Although tasks could change from one job to the next, house sitters are generally aware of what their duties will be even before they apply to the position.
Non-paid and Paid House Sitting Jobs
In your search for house sitting jobs, you’ll be faced with two kinds of opportunities:
1. Non-paid house sitting
In this case, you get free accommodation in exchange for taking care of the house.
Some homeowners ask the sitter to pay half or all of the utilities while staying at the house.
Others even require sitters to pay a “deposit fee” instead.
2. Paid house sitting jobs
This is the opportunity most people want.
I would too, if you’re given a small apartment at the back of a mansion with all bills covered plus an allowance to boot, why wouldn’t you grab it?
Some homeowners even look for a “couple sitter.” If you and a loved one is on a nomad path and would be up for paid house sitting jobs, this kind of opportunity is priceless.
How Much Can You Earn House Sitting?
In the U.S. the average annual pay of house sitters is around $77,600.
The lower end of the spectrum come at around $12k but with plenty of perks, or as high as $360k without many benefits included.
The biggest factor that dictates house sitter salary is the amount of time required to care for the house. Does the sitter have to be at home just a few hours each day, or 24/7 until the homeowners get back?
If you’re the homeowner and want to check out national rates for house sitters, prepare to shell out $25 to $45 per day.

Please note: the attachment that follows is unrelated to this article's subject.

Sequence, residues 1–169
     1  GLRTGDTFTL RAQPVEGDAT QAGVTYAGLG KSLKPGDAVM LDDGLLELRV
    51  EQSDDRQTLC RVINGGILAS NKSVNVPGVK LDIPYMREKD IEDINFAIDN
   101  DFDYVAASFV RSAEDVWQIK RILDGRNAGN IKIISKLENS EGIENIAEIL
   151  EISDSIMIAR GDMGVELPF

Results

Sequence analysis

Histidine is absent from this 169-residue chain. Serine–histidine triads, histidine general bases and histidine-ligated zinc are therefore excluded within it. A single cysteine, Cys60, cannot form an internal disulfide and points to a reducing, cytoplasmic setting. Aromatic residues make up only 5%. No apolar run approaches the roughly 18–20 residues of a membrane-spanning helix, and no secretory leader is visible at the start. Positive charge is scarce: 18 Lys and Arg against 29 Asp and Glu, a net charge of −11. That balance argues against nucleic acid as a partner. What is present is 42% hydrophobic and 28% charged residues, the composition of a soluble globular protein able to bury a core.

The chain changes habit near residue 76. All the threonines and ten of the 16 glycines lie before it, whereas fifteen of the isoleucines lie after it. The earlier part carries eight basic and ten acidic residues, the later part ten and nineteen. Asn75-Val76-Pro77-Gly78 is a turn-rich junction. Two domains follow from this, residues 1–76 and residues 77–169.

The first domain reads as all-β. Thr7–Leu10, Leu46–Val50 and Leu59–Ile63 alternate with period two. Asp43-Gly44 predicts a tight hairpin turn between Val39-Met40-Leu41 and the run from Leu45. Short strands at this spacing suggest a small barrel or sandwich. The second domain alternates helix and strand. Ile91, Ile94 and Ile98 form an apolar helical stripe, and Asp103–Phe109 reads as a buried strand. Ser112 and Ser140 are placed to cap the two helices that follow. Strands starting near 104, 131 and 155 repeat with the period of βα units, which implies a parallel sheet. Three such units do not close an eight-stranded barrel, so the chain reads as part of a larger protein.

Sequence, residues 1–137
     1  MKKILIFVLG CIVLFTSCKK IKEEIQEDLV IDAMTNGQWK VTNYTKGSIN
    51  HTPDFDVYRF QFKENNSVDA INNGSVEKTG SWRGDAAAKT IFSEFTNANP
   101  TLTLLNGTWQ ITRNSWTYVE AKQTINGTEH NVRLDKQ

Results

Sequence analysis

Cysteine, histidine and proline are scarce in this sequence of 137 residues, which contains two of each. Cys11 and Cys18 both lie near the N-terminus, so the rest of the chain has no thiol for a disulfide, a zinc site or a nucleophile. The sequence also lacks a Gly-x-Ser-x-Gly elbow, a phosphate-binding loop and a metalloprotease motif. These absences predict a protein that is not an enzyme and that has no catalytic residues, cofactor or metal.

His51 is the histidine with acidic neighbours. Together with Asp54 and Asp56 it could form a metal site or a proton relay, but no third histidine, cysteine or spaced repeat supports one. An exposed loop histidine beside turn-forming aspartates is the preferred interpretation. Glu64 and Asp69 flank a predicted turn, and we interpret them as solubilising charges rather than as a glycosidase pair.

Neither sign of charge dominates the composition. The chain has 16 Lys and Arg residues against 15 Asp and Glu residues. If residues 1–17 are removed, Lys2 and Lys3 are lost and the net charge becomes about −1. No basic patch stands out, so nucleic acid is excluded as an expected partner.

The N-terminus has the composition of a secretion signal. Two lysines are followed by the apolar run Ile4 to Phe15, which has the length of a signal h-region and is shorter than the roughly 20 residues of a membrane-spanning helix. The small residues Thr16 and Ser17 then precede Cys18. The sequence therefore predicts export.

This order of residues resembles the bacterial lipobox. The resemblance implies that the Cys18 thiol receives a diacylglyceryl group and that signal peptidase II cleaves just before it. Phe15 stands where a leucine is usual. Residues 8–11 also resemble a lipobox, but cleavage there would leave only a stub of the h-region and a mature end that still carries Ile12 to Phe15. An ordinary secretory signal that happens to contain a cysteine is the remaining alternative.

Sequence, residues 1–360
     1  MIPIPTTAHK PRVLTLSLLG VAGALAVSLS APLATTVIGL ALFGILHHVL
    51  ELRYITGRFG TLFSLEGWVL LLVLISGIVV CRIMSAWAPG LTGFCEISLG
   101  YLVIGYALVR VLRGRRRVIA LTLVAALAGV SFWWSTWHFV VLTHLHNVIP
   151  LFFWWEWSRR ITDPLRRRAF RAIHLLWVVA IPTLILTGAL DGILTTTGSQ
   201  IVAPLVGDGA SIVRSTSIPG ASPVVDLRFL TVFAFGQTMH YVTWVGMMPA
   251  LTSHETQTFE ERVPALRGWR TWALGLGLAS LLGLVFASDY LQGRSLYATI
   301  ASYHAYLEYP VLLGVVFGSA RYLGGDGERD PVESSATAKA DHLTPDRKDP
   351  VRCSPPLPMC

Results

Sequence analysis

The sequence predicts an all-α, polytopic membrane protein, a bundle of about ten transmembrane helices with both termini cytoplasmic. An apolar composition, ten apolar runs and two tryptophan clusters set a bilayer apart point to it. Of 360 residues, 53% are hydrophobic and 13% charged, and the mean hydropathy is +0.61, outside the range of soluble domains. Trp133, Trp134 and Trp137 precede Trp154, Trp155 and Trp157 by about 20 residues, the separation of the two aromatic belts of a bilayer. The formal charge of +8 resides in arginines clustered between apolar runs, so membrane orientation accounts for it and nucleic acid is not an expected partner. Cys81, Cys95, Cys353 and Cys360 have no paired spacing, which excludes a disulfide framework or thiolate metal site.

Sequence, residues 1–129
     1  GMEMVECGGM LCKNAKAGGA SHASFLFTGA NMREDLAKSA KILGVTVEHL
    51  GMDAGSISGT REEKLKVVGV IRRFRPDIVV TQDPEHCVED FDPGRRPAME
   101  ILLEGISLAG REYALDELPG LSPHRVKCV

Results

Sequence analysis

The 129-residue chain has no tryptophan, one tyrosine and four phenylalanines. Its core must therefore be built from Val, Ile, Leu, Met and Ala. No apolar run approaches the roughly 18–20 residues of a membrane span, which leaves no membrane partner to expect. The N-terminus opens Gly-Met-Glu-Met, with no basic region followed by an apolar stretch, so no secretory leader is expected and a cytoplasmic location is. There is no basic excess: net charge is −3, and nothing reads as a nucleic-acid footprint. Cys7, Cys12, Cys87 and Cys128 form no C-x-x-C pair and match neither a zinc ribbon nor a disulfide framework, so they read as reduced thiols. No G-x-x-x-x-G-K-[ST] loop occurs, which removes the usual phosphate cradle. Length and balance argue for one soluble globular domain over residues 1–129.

The cool thing about paid house sitting jobs is that they continue to be highly negotiable between the owner and sitter.
10 Places to Find Paid House Sitting Jobs
Majority of house sitting jobs listed online do not involve salaries, but if you’re a traveler or follow a nomadic lifestyle, free accommodation can be very well be considered as an “income.”
The most popular websites that lists paid house sitting jobs include:
If you look at just one program in this list, make it Trusted Housesitters, especially if you love pets.
You will be trading care of animals for free accommodations all around the world.
Has listings for U.S., Spain, Scotland, etc.
$50/year or free membership but limited features.
Known for having listings in exotic locations like Bali, Indonesia, Catalania, and more.
$25/year membership fee
Exclusive to luxury house sitting jobs
$89/year or limited free membership
Impressive resource if you’re looking for international paid house sitting jobs
This house and pet sitting website requires a membership fee of $30 per year.
Most of the jobs here involve a straight swap = taking care of the house in exchange for free accommodation.
UK-based website, but caters to Spain, U.S. and UK locations.